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It is very difficult to argue that efforts in the United States to plan healthcare have been successful. The US healthcare system is not in particularly good shape. To the extent that the system of planning has been responsible for this, it has not done well.
First, though, we must acknowledge that most of the US healthcare system is not planned. This is not a system that the government largely controls. Instead, it is a system that has come about in large part through private enterprise, though it has been strongly affected by government regulations and programs.
That said, government planning has not worked out very well. For one thing, there are still many people who are not insured. This is partly because of a lack of governmental programs to either insure poorer people or to help them to buy insurance. This is a serious defect in the system. Perhaps the biggest problem, though, is the fee for service model on which Medicare, in particular, runs. Medicare has done well by covering all seniors, but it has helped to create perverse incentives in our system. It pays doctors based on how many services they provide, not on how well their patients do. This gives them incentives to order more and more tests and procedures while patients have few incentives to decline those orders. This has done a great deal to cause problems in our system.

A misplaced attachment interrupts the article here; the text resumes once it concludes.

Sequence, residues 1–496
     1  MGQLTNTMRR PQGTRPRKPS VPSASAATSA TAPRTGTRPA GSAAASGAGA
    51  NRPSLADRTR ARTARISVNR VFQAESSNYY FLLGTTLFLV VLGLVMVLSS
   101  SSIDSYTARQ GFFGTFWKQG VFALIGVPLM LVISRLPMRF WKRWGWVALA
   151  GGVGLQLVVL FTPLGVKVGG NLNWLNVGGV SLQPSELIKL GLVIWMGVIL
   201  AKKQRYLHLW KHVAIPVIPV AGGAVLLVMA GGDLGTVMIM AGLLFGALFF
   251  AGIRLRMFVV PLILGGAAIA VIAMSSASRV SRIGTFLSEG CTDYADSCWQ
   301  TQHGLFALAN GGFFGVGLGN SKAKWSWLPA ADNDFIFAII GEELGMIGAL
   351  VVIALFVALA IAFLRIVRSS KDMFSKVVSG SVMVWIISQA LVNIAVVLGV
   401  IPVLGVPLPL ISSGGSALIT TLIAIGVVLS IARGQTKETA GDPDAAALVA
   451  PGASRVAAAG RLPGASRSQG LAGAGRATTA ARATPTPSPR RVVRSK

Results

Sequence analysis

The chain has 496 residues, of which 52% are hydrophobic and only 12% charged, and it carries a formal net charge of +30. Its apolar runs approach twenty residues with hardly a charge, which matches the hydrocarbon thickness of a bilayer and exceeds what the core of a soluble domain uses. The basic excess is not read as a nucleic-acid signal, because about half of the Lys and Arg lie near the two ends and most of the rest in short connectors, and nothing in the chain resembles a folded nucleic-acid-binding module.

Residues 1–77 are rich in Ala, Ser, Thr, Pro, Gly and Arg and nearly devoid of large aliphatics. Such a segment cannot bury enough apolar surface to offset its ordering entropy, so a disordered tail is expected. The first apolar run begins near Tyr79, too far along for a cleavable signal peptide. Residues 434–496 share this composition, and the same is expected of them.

Thus, while not all of the US healthcare system is planned, those parts that are planned have not been very successful in providing care to everyone or in keeping costs down.
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